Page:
Assistant Professor of Communication and Media Brian Weeks investigates how people experience and learn from the media.
There are many stories about COVID-19 and what we know is quickly evolving. What effect does having so many news stories about such a fast-moving, high-anxiety topic have on people?
Brian Weeks: The volume of online and social media content means there is a lot of contradictory information circulating about COVID-19. This can cause a lot of uncertainty and anxiety for people because they don’t know what to believe. The problem with uncertainty is that it fosters an environment in which rumors and misinformation spread widely. People are looking for information to make them feel better about the situation and may be prone to believing or sharing unverified or false information that helps them make sense of what’s happening.
That makes sense. Given all of that, can you also say a bit about how we should evaluate such information?
BW: There are a few best practices I think people should follow in times like these. First, unless it is coming from a major news or health organization, I would be wary of information on social media. So much of the content on sites like Facebook and Twitter is unverified, taken out of context, not based in fact, or just outright false. Remember that anyone can say anything they want on these platforms, whether it is true or not.
Second, I would avoid getting news about COVID-19 from sources that are overtly sensational or partisan. These channels often cover the political implications of the outbreak, which is less helpful for people wanting to understand how they can take care of themselves and their families. And finally, the best resources at times like these are those that are reporting verified facts, not offering opinions. This means turning to journalists and news organizations who are out there talking to experts and officials in order to accurately inform the public.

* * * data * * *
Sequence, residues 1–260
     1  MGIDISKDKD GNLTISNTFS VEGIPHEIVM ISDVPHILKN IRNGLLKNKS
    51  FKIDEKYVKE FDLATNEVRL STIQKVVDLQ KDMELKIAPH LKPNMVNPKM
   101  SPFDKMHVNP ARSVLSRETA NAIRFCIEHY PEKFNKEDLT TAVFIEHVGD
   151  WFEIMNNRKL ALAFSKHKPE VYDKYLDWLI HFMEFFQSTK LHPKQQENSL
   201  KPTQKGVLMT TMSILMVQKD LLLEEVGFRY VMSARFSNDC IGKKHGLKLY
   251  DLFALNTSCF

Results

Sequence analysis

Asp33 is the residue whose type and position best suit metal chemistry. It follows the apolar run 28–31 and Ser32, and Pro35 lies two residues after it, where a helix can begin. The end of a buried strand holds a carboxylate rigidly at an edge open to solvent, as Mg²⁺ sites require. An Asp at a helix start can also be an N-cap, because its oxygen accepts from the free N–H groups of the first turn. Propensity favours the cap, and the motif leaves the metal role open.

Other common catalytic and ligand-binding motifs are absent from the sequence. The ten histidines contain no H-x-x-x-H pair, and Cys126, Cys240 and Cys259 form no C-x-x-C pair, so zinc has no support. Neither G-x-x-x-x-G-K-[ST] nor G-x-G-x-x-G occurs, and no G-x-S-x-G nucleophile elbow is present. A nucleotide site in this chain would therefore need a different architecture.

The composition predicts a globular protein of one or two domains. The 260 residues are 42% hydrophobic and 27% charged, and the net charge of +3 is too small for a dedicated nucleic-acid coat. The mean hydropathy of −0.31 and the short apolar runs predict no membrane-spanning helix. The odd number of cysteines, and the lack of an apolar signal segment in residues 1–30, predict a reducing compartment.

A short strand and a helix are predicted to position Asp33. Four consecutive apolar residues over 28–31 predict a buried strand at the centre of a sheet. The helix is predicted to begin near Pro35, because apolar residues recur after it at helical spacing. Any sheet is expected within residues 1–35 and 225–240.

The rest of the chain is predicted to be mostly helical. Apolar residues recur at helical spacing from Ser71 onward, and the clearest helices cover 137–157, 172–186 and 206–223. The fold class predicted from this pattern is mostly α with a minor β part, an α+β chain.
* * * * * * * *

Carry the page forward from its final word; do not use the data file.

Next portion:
Nationally distributed newspapers are providing up-to-the-minute information about COVID-19, and regional papers are reporting news about how the virus is affecting people more locally. Also, the websites of public health organizations like the Centers for Disease Control and Prevention, the World Health Organization, and the Michigan Department of Health and Human Services offer clear, up-to-date, and accurate health information about COVID-19. These are excellent health resources that people should use.
Are there any specific opportunities or benefits social media brings to a situation like COVID-19?
BW: One benefit of social media is that they allow people to stay connected to their friends and family during uncertain times like these. People can use these platforms to let others know that they are okay or that they might need some help from their community. Social media can also be utilized to help communities organize to get resources to people in need. Social media can be a great place to bring people together to work together for their communities, whether it is starting a food drive, finding childcare for a parent who is not able to work from home, or helping a neighbor get medical supplies.
- Please visit the University of Michigan’s response to novel coronavirus COVID-19 for the latest information.